Architecture and Interior Design for 20th Century America, 1935-1955, documents building styles and trends, particularly in the Eastern United States. The majority of photographs focus on New York City and its environs. The collection also records gardens, exteriors, and interiors of homes of middle and upper class people. These photographs provide a measure of the texture and culture of this segment of mid-century America. An interesting subset of this diverse collection is a large group of images of the 1939 World's Fair.
Students can use the collection to study key elements of New York city life from 1935-1955, and compare them with a modern city today. Students might also compare another city during the same era to the one represented here.
This collection includes photographs of New York City over a 25-year period. Images include the city's unique skyline, neighborhoods, and transportation systems. The photographs show how the city grew "up," rather than "out" as a result of its geographic location.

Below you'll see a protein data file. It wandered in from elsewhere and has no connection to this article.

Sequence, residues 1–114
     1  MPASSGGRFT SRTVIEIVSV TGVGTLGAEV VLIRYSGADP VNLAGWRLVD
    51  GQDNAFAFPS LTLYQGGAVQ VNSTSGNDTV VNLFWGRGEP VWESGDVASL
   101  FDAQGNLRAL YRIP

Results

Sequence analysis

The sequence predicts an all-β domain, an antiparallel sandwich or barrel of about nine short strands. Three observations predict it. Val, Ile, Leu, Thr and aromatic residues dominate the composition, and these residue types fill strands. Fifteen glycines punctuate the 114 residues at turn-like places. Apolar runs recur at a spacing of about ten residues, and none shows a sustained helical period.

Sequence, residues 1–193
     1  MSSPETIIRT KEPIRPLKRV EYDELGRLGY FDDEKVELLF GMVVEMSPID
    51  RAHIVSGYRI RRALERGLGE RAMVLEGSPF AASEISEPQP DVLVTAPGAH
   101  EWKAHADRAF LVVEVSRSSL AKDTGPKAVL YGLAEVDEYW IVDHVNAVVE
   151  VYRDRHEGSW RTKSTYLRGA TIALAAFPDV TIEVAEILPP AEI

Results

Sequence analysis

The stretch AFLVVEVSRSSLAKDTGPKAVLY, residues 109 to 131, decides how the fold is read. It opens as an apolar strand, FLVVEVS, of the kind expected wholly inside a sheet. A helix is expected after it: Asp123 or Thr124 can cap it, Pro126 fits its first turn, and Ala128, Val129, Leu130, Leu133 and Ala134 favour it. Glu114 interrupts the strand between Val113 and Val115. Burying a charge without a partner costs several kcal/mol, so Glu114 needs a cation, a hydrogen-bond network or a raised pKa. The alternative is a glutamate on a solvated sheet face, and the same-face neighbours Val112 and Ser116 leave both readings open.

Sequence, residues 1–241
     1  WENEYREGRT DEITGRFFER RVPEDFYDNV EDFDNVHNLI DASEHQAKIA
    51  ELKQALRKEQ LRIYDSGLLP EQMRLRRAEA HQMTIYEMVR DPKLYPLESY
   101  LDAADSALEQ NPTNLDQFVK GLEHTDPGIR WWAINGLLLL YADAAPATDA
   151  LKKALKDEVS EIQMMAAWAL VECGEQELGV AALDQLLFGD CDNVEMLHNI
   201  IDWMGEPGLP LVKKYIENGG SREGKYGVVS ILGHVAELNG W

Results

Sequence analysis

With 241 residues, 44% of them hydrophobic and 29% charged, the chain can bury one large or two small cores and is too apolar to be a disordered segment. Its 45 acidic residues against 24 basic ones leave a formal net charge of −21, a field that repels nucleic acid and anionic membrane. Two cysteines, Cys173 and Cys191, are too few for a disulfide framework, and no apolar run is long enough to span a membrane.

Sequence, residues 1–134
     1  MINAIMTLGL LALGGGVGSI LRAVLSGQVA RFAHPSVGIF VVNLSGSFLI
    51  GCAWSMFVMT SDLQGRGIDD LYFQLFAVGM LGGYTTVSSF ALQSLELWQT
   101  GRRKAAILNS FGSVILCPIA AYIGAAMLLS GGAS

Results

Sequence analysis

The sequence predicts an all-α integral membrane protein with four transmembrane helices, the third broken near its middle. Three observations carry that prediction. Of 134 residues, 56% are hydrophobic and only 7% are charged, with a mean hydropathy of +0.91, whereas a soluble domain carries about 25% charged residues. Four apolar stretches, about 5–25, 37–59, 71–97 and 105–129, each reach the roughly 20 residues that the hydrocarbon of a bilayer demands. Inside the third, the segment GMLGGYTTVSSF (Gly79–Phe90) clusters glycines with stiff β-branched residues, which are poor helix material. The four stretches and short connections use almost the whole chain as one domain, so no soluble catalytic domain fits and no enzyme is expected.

Several images show the infrastructure of New York City: its bridges, highways, and city streets. Bridges over the East River and the Hudson River link Manhattan to the boroughs (other parts of the city), the suburbs, and to the neighboring state of New Jersey.
Search on Brooklyn Bridge, Queensboro Bridge, and Manhattan Bridge for images of these structures and their surroundings.
Images of New York's streets within the collection capture the hustle and bustle of city life. Search on city traffic, express highways, and elevated highways for photographs of street activity.
New York City is comprised of many different neighborhoods. Search on specific place names, such as Tudor City, Times Square, Columbus Circle, and Lower New York, to find districts within New York.